We verified several mRNA targets of BbsR9 using RNA-RNA EMSAs. Among the targets were transcripts of the ftsH, nuoF, and gcvT genes. First, ftsH codes for the FtsH zinc metalloprotease; a membrane-anchored, universal protease with various functions. FtsH has been extensively studied in E. coli, where it is the only protease essential for survival [70]. FtsH has also been described as required for regulation of optimal ratios of phospholipids and lipopolysaccharides in the outer membrane [70]. Whether BbsR9 regulation of ftsH transcripts is involved in bacterial protein turnover and/or modulation of membrane architecture in the context of the sand fly is unknown, but would be interesting to investigate. Second, the nuoF gene codes for the NADH-quinone oxidoreductase subunit F, a component of the type I NADH dehydrogenase enzyme and the initial step in the electron transport chain. NuoF is a component of the peripheral fragment of the NADH dehydrogenase complex and plays a role in oxidation of NADH to generate a proton motive force [71]. Regulation of nuoF transcripts could conceivably play a role in helping to establish the stationary phase as B. bacilliformis persists in the sand fly. Finally, we determined that BbsR9 targets transcripts of gcvT, which codes for the glycine cleavage system aminomethyltransferase, GcvT. The glycine cleavage system responds to high concentrations of glycine, breaking the amino acid down to CO2, ammonia, and NADH [72]. In addition to redox reactions, NADH can be used to produce energy through cellular respiration. Of note is the potential interplay between sRNA targeting of nuoF and gcvT transcripts in this regard. Interestingly, the glycine cleavage system has been implicated in contributing to bacterial persistence in animal and plant hosts [73]. In fact, gcvT is essential for persistence of a closely-related pathogen, Brucella abortus, in its animal host [74]. However, to our knowledge, the role of a glycine cleavage system in pathogen persistence in its arthropod vector has not been explored, to date. It is conceivable that B. bacilliformis utilizes regulation of nuoF and gcvT to fine-tune levels of NAD+/NADH, thereby contributing to regulation of metabolism and persistence of the bacterium in the sand fly.

This study has provided further insight into the regulation of numerous processes by B. bacilliformis in response to conditions encountered in the context of its sand fly vector and human host. Since these conditions are simulations of the vector/host, future work will benefit from use of the sand fly model and the development of a suitable animal model for B. bacilliformis infection. We believe the results provide a strong foundation for future studies examining sRNA-mediated regulation in B. bacilliformis and the regulatory mechanisms required for vector-host transmission.

Supporting information

S1 Fig. B. bacilliformis RNA-Seq PCA plot.

Axes indicate the percentage of total variance that can be accounted for by two principle components. Colored dots indicate the retained biological replicates of the RNA-Seq analyses, and their distance apart is representative of overall relatedness in gene expression profiles. Experimental conditions are shown on the right.

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S2 Fig. B. bacilliformis sRNAs group into specific expression patterns.

Heatmap of B. bacilliformis sRNA TPMs across the tested conditions (shown at the bottom). sRNAs group vertically based on similarity in expression patterns. Conditions group horizontally based on similarity in overall expression patterns. The log10 of the TPM value for each sRNA is indicated by a color gradient.

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S3 Fig. qRT-PCR confirmation of differential expression of several identified sRNAs.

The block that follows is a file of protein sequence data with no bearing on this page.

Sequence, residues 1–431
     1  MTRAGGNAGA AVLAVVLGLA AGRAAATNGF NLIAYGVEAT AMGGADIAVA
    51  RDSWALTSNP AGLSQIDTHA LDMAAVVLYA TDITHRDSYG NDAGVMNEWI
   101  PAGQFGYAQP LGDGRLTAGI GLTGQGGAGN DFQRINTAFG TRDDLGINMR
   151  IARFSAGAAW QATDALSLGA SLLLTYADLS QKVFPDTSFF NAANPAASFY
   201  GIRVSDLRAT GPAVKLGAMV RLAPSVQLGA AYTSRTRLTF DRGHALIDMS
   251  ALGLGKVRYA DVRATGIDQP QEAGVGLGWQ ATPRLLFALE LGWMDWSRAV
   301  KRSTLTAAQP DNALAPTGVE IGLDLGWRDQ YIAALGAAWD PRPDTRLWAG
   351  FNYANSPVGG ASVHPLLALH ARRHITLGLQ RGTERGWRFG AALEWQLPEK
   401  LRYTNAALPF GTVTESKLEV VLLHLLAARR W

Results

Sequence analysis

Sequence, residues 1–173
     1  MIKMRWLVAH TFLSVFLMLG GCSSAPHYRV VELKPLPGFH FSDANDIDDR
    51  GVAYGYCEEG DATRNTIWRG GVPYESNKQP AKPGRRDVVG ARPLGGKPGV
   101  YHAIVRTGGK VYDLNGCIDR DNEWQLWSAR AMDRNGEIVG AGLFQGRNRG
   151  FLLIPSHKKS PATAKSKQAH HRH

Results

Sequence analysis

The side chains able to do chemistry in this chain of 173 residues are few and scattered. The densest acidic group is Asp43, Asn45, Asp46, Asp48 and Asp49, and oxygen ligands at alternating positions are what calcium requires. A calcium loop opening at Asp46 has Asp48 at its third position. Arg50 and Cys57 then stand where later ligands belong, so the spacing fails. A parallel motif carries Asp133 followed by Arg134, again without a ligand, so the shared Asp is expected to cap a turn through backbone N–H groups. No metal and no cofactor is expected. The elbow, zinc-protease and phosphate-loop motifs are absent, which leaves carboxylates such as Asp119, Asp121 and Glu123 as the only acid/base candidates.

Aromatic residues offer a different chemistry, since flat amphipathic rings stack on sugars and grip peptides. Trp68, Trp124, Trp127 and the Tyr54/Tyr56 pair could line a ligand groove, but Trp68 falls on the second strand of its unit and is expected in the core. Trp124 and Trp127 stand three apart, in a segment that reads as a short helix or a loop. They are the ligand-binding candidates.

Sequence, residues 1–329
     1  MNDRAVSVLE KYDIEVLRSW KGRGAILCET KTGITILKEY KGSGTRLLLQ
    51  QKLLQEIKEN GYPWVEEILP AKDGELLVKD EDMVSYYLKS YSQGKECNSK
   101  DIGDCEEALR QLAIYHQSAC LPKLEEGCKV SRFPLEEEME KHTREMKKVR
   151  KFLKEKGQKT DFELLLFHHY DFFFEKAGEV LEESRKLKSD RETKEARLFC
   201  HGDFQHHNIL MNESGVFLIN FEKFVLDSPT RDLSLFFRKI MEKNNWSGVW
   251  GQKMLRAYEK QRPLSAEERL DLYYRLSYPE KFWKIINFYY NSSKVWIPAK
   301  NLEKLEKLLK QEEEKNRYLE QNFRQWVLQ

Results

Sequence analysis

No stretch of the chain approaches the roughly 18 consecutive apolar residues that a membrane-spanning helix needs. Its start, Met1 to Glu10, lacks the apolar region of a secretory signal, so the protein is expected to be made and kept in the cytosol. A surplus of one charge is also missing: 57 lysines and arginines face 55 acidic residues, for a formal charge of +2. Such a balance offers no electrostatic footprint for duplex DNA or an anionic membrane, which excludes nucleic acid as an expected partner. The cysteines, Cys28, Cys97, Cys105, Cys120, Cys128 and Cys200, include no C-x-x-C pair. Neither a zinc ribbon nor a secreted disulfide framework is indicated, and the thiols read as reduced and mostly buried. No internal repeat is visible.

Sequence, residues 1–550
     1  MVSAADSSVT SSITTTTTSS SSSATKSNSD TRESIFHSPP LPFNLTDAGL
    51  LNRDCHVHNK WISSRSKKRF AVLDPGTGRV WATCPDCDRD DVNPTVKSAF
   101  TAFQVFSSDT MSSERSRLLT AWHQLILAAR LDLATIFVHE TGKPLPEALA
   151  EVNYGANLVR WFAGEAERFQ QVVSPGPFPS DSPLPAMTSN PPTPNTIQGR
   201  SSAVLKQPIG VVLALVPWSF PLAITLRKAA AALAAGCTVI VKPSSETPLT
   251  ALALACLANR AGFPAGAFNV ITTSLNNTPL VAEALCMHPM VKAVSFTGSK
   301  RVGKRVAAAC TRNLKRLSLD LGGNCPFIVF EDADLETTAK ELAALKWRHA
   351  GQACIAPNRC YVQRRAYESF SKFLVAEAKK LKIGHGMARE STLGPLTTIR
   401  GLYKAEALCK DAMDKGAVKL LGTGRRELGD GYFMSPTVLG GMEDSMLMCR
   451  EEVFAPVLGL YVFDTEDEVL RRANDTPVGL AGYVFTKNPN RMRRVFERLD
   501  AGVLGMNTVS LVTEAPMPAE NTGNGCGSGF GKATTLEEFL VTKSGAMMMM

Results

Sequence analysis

Faceted bar graph displaying the number of sRNA transcripts / rpoD transcript for select, differentially-expressed sRNAs and BB024, which was not shown to be differentially expressed. The condition / source of the total RNA is noted on the x-axis. Significance was determined by students t-test (N = 9; * = p<0.05, ** = p<0.01, *** = p<0.001).

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S4 Fig. BbgpI is a group I intron inserted into an unannotated tRNACCUArg gene of B. bacilliformis.

A) Nucleotide sequence of BbgpI (bolded and underlined) and flanking chromosomal regions. Primer binding sites used for in vitro transcription (IVT) and PCR assays designed to show splicing of BbgpI in vitro and in vivo are indicated. B) Sequence of BbgpI outlining the conserved, characteristic stem structures (P1 to P9) with putative base pairings highlighted in green and yellow. Nucleotides predicted to participate in base pairing are bolded and underlined. C) Sequence coding for the tRNACCUArg immediately flanking BbgpI. The two bolded underlined nucleotides represent the ends of the spliced out BbgpI. Conserved tRNA features are also outlined.

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S5 Fig. BbsR9 is a sand fly-specific sRNA.

A) Nucleotide sequence of the bbsR9 gene with predicted promoter elements and Rho-independent terminator plus experimentally-determined TSS’s, highlighted in various colors or underlined, respectively. An asterisk indicates the alternative TSS found by 5' RACE analysis. B) Northern blot analysis of BbsR9 expression under the indicated conditions. The RNA ladder (2 min exposure) and resolved total RNA samples (30s exposure) were from the same blot but imaged using different exposure times.

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S1 Table. Bacterial strains, primers, and plasmids used in the study.

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S2 Table. Quality control results for B. bacilliformis RNA-Seq analyses.

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S3 Table. Putative sRNAs identified in B. bacilliformis by RNA-Seq analyses.

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S4 Table. Average TPMs of identified B. bacilliformis sRNAs.

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S5 Table. Predicted IntaRNA targets of B. bacilliformis infection-specific sRNAs.

An “X” indicates transcripts of the indicated gene to which the sRNA is predicted to bind (p < 0.01). Targets with a FDR < 0.05 are indicated with a red “X”.

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S6 Table. Predicted IntaRNA targets of B. bacilliformis sand fly-specific sRNAs.

An “X” indicates transcripts of the indicated gene to which the sRNA is predicted to bind (p < 0.01). Targets with a FDR < 0.05 are indicated with a red “X”.

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Acknowledgments

The authors wish to thank Patty Langasek and Auguste Dutcher for technical assistance.